In Chapter 4 of Mark, Jesus introduces a series of parables: the Parable of the Sower, the Lamp on a Stand, and Parables of the growing seeds. Parables have multiple meanings and invite meditation. One might ponder: Does Jesus’ reliance on parables (instead of, say, propositional statements) tell us anything about the nature of the truth he sought to communicate? What does the fact that so much of the sower’s seed appears to be sown for naught teach us about trusting God for the increase? Does the disciples’ incomprehension and lack of faith (as when Jesus’ calms the storm, Mark 4:35-41) fit the Parable of the Sower? Do other parables explain it better?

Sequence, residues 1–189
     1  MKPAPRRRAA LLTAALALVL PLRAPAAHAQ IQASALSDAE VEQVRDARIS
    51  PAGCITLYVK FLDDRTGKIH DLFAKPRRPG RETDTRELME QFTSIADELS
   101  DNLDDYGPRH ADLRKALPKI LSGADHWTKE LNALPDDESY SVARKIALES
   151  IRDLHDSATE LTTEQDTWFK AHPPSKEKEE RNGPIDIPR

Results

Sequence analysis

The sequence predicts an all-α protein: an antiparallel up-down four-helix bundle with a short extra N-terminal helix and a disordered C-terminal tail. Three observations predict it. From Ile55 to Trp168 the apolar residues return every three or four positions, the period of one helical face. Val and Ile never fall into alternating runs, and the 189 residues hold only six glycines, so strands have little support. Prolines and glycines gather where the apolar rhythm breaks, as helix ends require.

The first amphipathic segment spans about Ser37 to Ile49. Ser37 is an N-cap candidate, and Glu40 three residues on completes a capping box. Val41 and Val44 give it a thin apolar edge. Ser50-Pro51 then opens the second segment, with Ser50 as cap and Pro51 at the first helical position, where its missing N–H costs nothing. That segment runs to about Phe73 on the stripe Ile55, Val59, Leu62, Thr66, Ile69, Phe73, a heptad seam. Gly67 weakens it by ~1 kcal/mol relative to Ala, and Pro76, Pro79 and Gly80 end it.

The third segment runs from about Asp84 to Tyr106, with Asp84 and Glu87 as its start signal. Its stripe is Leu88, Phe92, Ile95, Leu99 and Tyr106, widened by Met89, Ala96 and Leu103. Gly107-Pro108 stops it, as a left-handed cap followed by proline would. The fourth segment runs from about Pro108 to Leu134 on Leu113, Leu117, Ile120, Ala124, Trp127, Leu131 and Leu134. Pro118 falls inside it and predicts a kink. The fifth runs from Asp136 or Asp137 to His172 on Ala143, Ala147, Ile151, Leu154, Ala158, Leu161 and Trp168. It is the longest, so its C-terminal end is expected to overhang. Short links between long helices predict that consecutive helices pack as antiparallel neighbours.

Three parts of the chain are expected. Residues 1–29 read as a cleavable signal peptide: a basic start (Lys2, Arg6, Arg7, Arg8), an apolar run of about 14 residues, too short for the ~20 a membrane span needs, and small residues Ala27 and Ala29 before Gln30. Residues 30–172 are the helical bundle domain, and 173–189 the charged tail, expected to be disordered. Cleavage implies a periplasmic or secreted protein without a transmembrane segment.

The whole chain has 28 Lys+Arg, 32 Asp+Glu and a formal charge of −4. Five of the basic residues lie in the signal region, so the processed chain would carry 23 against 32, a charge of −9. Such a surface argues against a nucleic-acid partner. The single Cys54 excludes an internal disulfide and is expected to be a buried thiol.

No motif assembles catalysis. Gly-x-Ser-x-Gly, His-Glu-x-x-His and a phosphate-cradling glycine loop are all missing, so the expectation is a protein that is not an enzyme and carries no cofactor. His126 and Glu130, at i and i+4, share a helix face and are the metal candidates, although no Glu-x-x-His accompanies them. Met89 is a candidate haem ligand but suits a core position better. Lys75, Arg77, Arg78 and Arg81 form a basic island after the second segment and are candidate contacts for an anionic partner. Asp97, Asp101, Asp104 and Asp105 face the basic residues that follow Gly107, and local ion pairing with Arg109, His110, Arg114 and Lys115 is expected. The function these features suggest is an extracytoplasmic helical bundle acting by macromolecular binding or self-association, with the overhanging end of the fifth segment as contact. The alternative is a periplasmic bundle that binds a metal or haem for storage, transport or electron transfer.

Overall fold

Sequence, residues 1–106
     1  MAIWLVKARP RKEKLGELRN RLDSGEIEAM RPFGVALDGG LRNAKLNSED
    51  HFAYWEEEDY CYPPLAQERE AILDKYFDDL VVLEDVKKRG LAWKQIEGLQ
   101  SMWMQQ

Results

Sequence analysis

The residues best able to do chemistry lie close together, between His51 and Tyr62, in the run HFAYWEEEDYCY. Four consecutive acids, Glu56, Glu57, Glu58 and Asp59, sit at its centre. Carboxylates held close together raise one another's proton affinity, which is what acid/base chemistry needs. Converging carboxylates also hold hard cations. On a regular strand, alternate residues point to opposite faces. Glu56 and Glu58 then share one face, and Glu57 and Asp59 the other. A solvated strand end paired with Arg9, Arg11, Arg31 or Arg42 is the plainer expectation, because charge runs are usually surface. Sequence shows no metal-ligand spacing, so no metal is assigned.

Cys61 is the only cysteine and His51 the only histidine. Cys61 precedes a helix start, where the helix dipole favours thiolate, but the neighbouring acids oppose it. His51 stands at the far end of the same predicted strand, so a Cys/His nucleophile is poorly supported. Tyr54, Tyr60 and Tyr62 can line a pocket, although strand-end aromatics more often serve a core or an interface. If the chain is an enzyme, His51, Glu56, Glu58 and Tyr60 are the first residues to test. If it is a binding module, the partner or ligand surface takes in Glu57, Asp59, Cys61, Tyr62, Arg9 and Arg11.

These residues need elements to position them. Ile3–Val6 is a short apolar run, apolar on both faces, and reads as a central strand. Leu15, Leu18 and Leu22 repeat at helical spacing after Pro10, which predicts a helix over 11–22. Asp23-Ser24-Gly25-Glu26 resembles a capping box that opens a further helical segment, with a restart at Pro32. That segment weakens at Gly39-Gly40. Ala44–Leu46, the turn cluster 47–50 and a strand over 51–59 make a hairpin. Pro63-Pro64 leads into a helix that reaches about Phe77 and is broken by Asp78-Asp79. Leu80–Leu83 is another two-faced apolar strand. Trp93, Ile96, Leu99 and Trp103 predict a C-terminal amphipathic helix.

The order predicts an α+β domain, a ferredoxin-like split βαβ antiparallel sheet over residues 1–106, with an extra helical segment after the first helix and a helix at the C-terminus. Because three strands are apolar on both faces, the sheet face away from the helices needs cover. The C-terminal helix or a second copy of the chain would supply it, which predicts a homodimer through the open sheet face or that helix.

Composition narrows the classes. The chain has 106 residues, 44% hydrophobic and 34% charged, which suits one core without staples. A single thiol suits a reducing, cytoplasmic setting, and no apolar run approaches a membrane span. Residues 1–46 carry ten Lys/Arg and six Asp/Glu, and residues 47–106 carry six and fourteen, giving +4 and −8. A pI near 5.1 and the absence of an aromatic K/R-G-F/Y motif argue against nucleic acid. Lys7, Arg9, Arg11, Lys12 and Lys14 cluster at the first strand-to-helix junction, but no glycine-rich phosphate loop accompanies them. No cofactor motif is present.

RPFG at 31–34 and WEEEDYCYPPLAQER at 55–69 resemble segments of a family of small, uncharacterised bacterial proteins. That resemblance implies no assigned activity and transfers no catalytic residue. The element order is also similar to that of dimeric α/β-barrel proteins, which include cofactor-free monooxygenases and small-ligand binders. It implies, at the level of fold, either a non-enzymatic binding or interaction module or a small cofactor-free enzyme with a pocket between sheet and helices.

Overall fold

In Chapter 5, he gives us an extended story about Jesus’ crossing into Gentile country and casting out demons. Mark’s gospel is notorious for Jesus instructing people not to tell anyone (see Mark 8:30). This theme is sometimes referred to as “the Messianic Secret.” But here Jesus tells the healed man to tell what the Lord had done for him. Why would Jesus tell some to keep quiet and others to spread the word?

Mark frequently tells stories within stories. In Chapter 5, Jesus’ trip to heal Jairus’ daughter is interrupted. How do you think Jairus felt? Jesus’ words to his daughter are some of just a few of Jesus’ words in Aramaic recorded in the Greek New Testament (Mark 15:14 contains others). Why would these words be remembered?

In Chapter 6, Jesus sending out the 12 Disciples provides an occasion for Mark to finish telling us about the John the Baptist. Some think these sendings explain how the gospel spread so quickly.